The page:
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Forming the’ decadent twilight nature’ of nightclubs

Famous squads have offered artists the perfect pulpit to design fantasy situations, says Chris Hall

Caligula throwing a party ,” was how the funk musician Rick James described the famed Studio 54 in New York, which opened in 1977. There was a cocaine snort” Man and the Spoon” feature that would pitch from the ceiling where needed, there are still accumulations of cash in the back area, unisex bathrooms and stunts like Bianca Jagger riding a pony on the dancefloor led by a naked humanity covered in gold glitter.

The key thing about Studio 54, which features in a new show about world golf-club culture at Vitra Design Museum, was its adaptability. It could become a different fantasy environment to act as backdrop for the outrageous attires and theatre of the party goers- such as when four tonnes of glitter were drooped from the club’s ceiling on New Year’s Eve or when the fashion designer Valentino had a circus-themed birthday party with sand and mermaids on trapezes.

” The 60 s and 70 s pictured the rise of the idea that you don’t layout a nightclub, you producing the minimal pattern parts to make a nightclub ,” says Catharine Rossi, a designing historian at Kingston University, who has co-curated the exhibition.” What’s important is not the physical infinite- genuinely the nightclub is just a container. Clubs are made through lighting and sound, psychotropic narcotics and people .”

A lieu to crash: Manchester’s post-industrial Hacienda with hazard-marking stripes on the articles. Photograph: Courtesy of Ben Kelly

A new stage set would invigorate a new persona.” Historically, nightclubs have served as seats for freedom of expression and safe infinites because they’re masked ,” says Rossi.” They’re veiled from daytime standards and presumptions about behaviour and identity. At night we can try out different identities .”

Playing with personas was something Andy Warhol was drawn to at Studio 54, where he would document this emerging culture with its transformative potentials. The association had a door policy where simply celebrities and the beautiful or unconventional were allowed in- those attempting their 15 times of prestige. This was a surreal, decadent, sunset world and whether it was Truman Capote, Debbie Harry, Grace Jones or Andy Warhol, it was mutually beneficial, the squad burnishing their persona and vice versa.

The exhibition will be crammed with a fascinating capital of intend detail to go with the photographs and representations- interior furnishings, igniting, album layout, pattern, and the graphics of flyers and signs. One of the exhibition chambers will be given to a phone and lighting station, without quite being a mock-up of a nightclub.” If you’re going to do an exhibition about nightclubs ,” excuses Rossi,” then elements like feeling and event are key parts of the design of the seats and how that layout is consumed or experienced .”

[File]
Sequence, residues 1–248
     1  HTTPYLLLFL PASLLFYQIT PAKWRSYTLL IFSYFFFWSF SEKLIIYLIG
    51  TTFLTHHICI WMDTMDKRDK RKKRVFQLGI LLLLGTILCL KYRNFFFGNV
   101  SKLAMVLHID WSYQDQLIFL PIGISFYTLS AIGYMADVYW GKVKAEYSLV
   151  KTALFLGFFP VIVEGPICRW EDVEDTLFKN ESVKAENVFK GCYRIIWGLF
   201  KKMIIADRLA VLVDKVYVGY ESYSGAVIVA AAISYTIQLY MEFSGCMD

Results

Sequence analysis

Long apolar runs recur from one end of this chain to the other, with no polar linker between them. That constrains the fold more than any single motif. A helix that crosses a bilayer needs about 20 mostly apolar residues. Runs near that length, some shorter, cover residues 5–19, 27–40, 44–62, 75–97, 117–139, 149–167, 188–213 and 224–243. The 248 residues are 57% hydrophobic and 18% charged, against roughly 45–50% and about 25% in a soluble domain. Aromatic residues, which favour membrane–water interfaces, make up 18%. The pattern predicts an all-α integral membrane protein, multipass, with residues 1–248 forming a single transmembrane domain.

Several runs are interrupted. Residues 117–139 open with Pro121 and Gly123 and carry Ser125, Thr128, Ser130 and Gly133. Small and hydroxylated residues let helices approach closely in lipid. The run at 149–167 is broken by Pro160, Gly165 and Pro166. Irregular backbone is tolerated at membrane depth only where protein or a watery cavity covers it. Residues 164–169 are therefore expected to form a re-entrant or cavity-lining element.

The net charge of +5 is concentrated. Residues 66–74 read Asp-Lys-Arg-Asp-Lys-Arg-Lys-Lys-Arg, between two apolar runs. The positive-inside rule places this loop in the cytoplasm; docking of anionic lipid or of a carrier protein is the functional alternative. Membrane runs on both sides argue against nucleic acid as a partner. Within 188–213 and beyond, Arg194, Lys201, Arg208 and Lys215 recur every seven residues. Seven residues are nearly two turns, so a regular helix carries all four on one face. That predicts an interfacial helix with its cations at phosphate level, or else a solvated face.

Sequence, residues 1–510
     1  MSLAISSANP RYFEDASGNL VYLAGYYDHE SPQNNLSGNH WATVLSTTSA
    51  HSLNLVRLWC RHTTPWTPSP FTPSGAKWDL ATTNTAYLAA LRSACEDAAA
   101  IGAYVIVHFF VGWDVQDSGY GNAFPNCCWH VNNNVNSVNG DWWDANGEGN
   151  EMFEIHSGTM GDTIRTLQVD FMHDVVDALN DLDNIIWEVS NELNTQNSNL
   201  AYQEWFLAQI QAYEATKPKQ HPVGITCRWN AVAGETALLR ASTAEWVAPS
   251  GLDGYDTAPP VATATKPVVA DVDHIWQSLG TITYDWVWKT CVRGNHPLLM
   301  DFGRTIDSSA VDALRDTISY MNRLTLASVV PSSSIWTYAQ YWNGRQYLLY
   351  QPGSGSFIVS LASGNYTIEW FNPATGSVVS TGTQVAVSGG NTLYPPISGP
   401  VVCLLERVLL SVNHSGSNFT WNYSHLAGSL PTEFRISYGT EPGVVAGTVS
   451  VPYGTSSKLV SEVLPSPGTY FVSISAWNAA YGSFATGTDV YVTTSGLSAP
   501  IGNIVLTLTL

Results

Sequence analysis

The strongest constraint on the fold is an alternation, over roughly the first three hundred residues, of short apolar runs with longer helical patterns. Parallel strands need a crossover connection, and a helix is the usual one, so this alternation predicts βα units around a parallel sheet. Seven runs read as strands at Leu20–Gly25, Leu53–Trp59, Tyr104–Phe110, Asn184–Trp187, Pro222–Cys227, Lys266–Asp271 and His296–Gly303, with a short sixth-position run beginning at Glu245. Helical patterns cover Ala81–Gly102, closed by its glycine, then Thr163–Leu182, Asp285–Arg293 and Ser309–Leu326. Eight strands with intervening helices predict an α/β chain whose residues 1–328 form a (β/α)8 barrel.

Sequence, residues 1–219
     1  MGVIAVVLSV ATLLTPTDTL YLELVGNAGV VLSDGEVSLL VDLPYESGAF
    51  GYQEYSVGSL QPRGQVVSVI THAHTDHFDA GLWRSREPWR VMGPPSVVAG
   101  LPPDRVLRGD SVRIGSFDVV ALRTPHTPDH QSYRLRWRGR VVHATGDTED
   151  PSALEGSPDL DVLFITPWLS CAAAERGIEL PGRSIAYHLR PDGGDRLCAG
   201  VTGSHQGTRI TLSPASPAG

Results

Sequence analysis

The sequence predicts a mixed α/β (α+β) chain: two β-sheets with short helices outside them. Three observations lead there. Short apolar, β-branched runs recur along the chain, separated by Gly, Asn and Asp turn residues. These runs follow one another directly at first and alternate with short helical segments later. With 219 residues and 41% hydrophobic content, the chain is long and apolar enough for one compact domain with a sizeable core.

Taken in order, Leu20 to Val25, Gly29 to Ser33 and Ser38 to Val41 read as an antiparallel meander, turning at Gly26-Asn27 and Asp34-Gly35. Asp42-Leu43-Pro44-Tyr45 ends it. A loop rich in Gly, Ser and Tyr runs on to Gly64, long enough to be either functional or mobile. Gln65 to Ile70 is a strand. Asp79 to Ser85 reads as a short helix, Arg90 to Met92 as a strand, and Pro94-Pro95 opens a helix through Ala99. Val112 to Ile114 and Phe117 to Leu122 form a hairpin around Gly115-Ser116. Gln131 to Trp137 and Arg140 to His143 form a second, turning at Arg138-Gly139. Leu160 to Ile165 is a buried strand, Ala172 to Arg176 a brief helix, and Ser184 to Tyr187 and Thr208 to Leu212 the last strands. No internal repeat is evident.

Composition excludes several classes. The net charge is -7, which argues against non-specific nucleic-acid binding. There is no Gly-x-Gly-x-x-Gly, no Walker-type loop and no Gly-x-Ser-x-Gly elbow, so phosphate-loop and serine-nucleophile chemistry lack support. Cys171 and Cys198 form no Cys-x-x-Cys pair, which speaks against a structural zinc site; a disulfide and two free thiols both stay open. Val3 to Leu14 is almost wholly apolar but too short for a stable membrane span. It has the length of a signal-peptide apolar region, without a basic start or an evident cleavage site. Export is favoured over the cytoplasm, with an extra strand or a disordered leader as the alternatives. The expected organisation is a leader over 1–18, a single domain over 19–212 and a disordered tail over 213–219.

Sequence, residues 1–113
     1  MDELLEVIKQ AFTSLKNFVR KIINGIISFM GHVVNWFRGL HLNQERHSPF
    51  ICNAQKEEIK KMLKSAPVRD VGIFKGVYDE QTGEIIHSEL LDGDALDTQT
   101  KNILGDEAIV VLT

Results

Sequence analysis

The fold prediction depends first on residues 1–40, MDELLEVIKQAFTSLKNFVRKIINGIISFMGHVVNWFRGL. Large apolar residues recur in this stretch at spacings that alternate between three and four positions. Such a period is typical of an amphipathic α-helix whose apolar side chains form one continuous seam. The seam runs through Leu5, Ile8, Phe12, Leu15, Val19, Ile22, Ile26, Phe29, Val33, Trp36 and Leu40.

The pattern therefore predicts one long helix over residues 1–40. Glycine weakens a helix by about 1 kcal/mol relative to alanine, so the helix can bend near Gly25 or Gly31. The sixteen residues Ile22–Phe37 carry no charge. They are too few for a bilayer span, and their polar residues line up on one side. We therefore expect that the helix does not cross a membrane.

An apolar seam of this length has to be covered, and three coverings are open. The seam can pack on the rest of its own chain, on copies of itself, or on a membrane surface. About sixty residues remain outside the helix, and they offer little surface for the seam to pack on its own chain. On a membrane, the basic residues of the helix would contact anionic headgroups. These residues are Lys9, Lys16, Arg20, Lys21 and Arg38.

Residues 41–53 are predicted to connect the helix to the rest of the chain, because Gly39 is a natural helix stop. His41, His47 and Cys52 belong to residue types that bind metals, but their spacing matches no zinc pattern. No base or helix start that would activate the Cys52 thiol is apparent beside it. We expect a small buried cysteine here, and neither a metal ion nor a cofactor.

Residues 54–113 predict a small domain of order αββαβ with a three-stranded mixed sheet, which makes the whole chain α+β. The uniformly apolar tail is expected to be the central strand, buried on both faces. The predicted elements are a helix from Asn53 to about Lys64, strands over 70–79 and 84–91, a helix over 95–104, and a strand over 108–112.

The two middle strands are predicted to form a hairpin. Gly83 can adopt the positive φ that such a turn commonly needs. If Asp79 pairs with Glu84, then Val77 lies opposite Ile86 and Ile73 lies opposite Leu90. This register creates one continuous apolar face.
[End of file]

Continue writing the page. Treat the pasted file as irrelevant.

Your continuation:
Staying cool: the Philippe Starck-designed Les Bains Douches in Paris. Photograph: Foc Kan

In the 70 s and 80 s, New York organizations, such as Area, Club 57, the Mudd Club, Paradise Garage and the Palladium, offered a innovative stage to creators. Nightclubs became galleries. Keith Haring designed flyers and summons, formatted exhibits and installations, and coated a huge mural inside the Palladium. His canvas was also the human body, decorating Grace Jones with his signature kinetic pulls for a live performance at Paradise Garage in New York in 1985.

Another famed society that peculiarity heavily in the exhibition is the Hacienda in Manchester, with its innovative post-industrial design.” Nightclubs have advanced in line with the changing nature of our cities ,” says Rossi.” In the 1980 s for example, the post-industrial city led to the opening up of spaces from warehouses to plants .” Whereas Studio 54 was about exclusivity and debasement, the Hacienda was about inclusivity and a different kind of escapism. In short, it was the difference between cocaine and ecstasy.

Ben Kelly, who designed the Hacienda, says that it seemed logical to him to use the visual language of factory interiors given that it was a former ship showroom and had an industrial feel.” There was a line of pillars running through the infinite, which inevitably would be hazardous where people were drinking and dancing. I introduced stripes normally used as hazard markings in the workplace on the editorials in the nightclub, and yellow-and-black stripes on to the riser of the stage. There was another safety issue getting on and off the caused dance storey, so I utilized roadside bollards and prepare cat’s eyes into the concrete floor. The industrial speech progressed through practical reasons .”

Read more: www.theguardian.com

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